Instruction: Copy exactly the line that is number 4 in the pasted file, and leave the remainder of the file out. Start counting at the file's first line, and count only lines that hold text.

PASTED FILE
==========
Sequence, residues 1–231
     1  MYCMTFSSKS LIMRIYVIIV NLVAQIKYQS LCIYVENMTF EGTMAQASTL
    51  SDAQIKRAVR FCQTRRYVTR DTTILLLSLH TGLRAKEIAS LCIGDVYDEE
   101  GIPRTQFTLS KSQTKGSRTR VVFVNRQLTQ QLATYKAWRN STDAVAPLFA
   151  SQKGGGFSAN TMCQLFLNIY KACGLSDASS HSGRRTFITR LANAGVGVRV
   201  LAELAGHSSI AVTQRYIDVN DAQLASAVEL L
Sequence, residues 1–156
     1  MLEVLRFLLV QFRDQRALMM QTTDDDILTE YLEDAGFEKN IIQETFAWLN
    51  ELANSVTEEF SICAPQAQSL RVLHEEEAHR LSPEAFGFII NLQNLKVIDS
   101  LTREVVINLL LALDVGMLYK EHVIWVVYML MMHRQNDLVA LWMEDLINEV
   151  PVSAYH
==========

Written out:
   101  GIPRTQFTLS KSQTKGSRTR VVFVNRQLTQ QLATYKAWRN STDAVAPLFA